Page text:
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Some discover their aptitude for science by natural curiosity, which causes them to investigate their surroundings. In doing so, they find many hidden secrets that only curiosity like theirs could have revealed. The process of discovery is sometimes a thrill for these individuals. Developing theory and being responsible for discovery is the prize. However, an inquisitive nature alone doesn’t make one a scientist. Explorers, adventurers, reporters, and criminal investigators also lead lives based on it.
Something special happens when curiosity is coupled with an empirical mind. That combination begins to approach the scientific method. The only thing left is to provide a record of findings so that other scientists can attempt to falsify the results. Contesting a discovery is a natural part of the scientific method, and history shows that it has always been a core part.
Antonie van Leeuwenhoek did all of this and more. He used the scientific method to unearth the existence of previously unseen organisms, and he was in regular correspondence with the Royal Society in London, discussing his discovery.
Leeuwenhoek was a businessman by trade but a scientist by nature. His skill in grinding glass allowed him to produce single-lens microscopes that could magnify over 200 times.
On 17th September 1683, Leeuwenhoek was the first to report the existence of bacteria seen through his microscopes. He called them little “animalcules.”
He discovered clearer and brighter images than any of his scientific fellows would achieve for centuries. This led to doubts and questions about the certainty of what he claimed to have seen.
It wasn’t until 1981 that Leeuwenhoek’s original specimens at the Royal Society were successfully photographed. Even this was done using one of his surviving microscopes. This finally dispelled the lingering disbelief that he indeed saw what he claimed he had discovered.
Leeuwenhoek had 112 of his 200 letters published in the journal of the Royal Society. He was one of the journal’s most prolific writers, touching on many aspects of biology and even mineralogy.
However, Leeuwenhoek’s greatest delights and findings were in the field of microbiology. His discoveries are still informing the discipline and being proven true today, especially his reports on bacteria.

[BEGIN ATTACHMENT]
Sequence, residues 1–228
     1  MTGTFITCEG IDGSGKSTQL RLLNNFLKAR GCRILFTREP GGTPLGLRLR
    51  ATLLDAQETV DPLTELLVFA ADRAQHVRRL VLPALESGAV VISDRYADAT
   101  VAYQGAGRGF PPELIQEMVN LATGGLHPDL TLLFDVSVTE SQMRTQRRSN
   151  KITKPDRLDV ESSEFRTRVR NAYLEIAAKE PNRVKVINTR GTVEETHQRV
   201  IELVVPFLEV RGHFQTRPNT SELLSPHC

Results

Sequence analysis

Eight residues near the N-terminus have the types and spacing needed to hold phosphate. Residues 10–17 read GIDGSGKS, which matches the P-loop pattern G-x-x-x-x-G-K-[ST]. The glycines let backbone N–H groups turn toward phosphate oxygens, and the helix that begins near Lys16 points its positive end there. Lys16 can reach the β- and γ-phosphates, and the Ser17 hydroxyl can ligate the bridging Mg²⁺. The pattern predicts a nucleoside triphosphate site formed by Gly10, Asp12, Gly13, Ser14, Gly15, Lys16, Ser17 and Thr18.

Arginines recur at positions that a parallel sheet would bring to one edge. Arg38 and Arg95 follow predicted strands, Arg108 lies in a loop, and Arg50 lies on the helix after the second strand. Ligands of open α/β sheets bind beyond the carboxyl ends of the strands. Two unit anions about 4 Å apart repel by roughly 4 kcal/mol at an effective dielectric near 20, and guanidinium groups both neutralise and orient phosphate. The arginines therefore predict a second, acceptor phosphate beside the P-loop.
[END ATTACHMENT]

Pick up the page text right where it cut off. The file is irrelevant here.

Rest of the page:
The world is now very aware of the presence and importance of bacteria. Some bacteria can be harmful, but most are beneficial.
We know that bacteria are used to treat some of the foods we love, like yogurt and cheese. We know about using bacteria to preserve foods in fermentation and pickling.
However, we also know bacteria are sometimes responsible for food spoilage or poisoning. Pathogenic bacteria may be transmitted in some foods, which can cause food poisoning. For example, the CDC warns that soft cheeses made with unpasteurized milk carry a greater risk of causing a Listeria infection.
Bacteria’s importance to humans is seen in medicine and other industries. Bacterial infections and antibiotic remedies are now well known, but bacteria have been used for a host of other purposes, such as microbial leaching of precious metals in mining.
Just like Leeuwenhoek, modern students of microbiology can use real-life data. Lecturers like Dr. Monika Oli teach microbiology students using GIDEON because of its vast dataset and versatile toolkit. She knows it gives meaningful context to their studies.
At the time of writing, the GIDEON database includes 1,766 pathogenic bacteria, 154 mycobacteria, and 130 yeasts and algae. And the database is updated daily!
GIDEON is one of the most well-known and comprehensive global databases for infectious diseases. Data is refreshed daily, and the GIDEON API allows medical professionals and researchers access to a continuous stream of data. Whether your research involves quantifying data, learning about specific microbes, or testing out differential diagnosis tools– GIDEON has you covered with a program that has met standards for accessibility excellence.